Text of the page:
Have you ever asked yourself where it is that kids learn about drug use? Parents have long been known to protect their young ones from "bad" influences from outside, but a recent study at Yale shows that a major source influence still exists within the home.
Interestingly, the researchers, headed by Dr. William R. Corbin, found that family drinking patterns affected kids of different ethnicities differently. The researchers collected web questionnaires from over 2000 young adults to assess the influence of family drinking, social-group drinking, and thoughts about drinking on the actual behavior of entering freshmen.
As usual, peer influence was found to be the strongest predictor of the participants' actual drinking (in terms of average drinks per day, and frequency of drinking), accounting for almost half of the overall drinking behavior.
However, peer influence was much stronger for White participants than for Latino ones. On the other hand, family drinking habits were twice as important in affecting Latino kids' drinking as White kids' behavior.
The difference in the source of the influence helps explain the gender gap in drinking that exists among Latinos. While White men and women seem to drink about equally, among Latinos, drinking is much more common in men than in women. Young Latina women probably learn early on that drinking is much more acceptable among men and that they are expected to drink less. This is not to undermine the importance of social-group drinking among the Latino participants here, which still accounted for the lion's share of the alcohol consumption, even in this group.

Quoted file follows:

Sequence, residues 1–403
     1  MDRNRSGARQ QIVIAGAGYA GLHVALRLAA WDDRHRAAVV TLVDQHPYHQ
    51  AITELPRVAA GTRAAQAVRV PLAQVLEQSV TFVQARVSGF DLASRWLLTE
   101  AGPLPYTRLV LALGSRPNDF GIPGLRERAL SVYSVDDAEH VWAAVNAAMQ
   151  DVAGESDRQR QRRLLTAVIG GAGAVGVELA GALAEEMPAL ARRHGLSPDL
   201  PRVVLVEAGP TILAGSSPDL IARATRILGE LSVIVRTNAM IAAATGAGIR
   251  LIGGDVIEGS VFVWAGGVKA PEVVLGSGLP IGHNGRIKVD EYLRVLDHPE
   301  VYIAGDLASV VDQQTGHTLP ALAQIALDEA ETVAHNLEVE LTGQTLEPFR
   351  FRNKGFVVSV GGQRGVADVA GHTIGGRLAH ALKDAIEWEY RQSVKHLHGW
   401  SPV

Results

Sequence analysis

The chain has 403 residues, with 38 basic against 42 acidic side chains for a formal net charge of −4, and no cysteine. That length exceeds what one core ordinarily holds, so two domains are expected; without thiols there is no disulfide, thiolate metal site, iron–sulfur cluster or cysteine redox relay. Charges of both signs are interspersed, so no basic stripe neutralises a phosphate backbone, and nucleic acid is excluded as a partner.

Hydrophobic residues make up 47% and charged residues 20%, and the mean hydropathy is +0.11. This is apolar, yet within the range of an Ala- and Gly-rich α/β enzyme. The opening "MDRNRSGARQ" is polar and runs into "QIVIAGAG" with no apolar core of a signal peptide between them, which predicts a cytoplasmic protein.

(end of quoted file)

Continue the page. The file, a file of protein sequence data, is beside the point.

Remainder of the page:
The important issue here is in determining which interventions might be most effective in reducing drinking. Obviously, family-based interventions would be less likely to help among the White kids in this sample, though they most likely would reduce drinking among Latino kids.
Overall, the results seem to suggest that one of the major sources of influence on drinking behavior, and most likely drug-using behavior, is still found within the home. This is especially true when considering the larger picture, given that even a child's peers are influenced by their own parents...
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